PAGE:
I could be a passionate atheist, I could be a devout Catholic. I'm not going to say, so I'm going to ask you to avoid making any assumptions about me. Unless I've spoken to you about it personally, you don't know what I believe about God. But this isn't a dicussion about God, it's about Biology.
The Pope has openly criticised my position. I could stay quiet on the whole thing, however I feel that would be a cowardly response. I'm not afraid of discussing "difficult" topics in Science and Philosophy, so I decided I would write a few words about my thoughts on what the Pope has said this week.
Can you disagree with the Pope?
I'm well aware that in writing this blog post I will upset some readers and I am sorry. It's not my purpose to cause pain, but I am (obviously) going to be disagreeing with his Holiness. This is very dangerous ground for some because of an oft-quoted and oft-misunderstood dogma of the Catholic faith: the doctrine of Papal Infallibility.
Papal Infallibility is the teaching that the Pope can, on some issues, be regarded as unquestionably correct, meaning if he teaches something as part of his infallibility, whatever he teaches is to be taken as true. If the Pope decrees something as an article of faith to be held by all Christians, it is not to be challenged. He does not make mistakes.
Therefore, if I try to argue that the Pope is wrong about something I am challenging not only him, but his percieved infallibility and therefore the Catholic Church as a whole...which I'm not wanting to do.
However, the teaching of Papal Infallibility is a little more subtle so we need to be abundantly clear on what it means. In fact, Papal Infallibility has a very precise definition, laid down in 1870, which states that the Pope must clearly declare what he's saying to be an infallible decree. So, unless the Pope himself is defining one of his own teachings as part of the Infallibility doctrine, people are allowed to challenge and question him.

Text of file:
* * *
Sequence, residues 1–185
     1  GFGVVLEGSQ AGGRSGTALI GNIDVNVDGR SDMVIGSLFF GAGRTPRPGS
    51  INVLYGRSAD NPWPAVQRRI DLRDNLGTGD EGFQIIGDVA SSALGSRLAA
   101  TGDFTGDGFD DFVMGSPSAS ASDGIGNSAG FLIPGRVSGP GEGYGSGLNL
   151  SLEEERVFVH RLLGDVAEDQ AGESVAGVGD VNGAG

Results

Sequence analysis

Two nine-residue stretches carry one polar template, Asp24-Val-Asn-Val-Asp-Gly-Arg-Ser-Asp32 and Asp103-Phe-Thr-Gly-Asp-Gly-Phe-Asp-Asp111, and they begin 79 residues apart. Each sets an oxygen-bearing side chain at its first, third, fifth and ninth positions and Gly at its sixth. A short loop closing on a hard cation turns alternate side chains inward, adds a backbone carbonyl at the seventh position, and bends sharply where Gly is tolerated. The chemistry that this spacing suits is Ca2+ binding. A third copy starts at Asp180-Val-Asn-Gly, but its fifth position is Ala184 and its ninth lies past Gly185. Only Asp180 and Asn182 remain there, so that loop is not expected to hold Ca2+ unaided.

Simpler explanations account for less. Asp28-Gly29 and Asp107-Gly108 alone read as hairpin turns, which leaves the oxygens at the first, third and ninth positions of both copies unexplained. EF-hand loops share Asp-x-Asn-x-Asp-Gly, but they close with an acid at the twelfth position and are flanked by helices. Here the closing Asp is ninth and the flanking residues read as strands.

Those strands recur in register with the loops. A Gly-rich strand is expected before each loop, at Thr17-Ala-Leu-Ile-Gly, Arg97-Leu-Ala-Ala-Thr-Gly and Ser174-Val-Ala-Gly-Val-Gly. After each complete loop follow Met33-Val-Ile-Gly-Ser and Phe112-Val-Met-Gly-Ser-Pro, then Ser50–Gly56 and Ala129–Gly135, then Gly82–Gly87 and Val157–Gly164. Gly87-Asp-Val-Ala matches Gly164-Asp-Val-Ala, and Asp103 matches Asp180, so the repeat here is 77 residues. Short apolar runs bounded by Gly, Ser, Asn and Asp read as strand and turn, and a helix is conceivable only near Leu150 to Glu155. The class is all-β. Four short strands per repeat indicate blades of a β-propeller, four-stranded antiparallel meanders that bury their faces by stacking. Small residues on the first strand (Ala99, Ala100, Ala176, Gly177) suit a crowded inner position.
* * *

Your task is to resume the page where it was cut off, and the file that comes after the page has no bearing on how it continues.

Most Popes do not invoke the infallibility right because most Popes are not idiots, most Popes are pretty sensible. Pope Benedict 16th once said "the Pope is infallible in very rare situations" and Pope John 23rd said, rather bluntly "I am not infallible".
Popes know they make mistakes, of course they do, they're usually highly educated men with backgrounds in Philosophy and Catholic history. Popes are human and they are well aware of it, so they don't use their infallibility to decree whatever they want. In fact there is a very short list of declarations which have been decreed "infallible" by the Catholic Church and most of them relate to the nature of Jesus or the Saints.
So, to challenge what Pope Francis said earlier this week is not challenging his Papal Infallibility, because he did not declare what he was saying to be infallible. Catholics can disagree with him, atheists can disagree with him and nobody is crossing any religious doctrines by doing so.
I'm not attacking Pope Francis as a person, either. For what it's worth, while I do feel he is mistaken on this issue, a lot of the time I have a great deal of respect for his teachings. He strikes me as a wise man who wants to focus on the Christian doctrines of substitutionary atonement and the love of Jesus...I just think he's misinformed on the Biology here. Which is fine, he's not a Biologist!
Isn't it a matter of opinion?
As I've said in pretty much every other blog post (so much that my regular readers can probably chant it along with me now): you are entitled to your opinion, but you can't have an opinion about nature.
When the Pope talks about sex and gender he is talking about the natural world. Not only that, he's talking about the easily observable natural world. If the natural world says one thing, you can't challenge it by saying "well I disagree". Reality doesn't work like that. If the evidence says x, you are only allowed to challenge it with counter-evidence, not your gut feeling.
I disagree with what the Pope said on gender and sex because I think he's getting his Biology muddled and I shall present my evidence. It is my responsibility to present a counterargument based on evidence and those who wish to challenge me (and you're more than welcome to) must do so with their own evidence.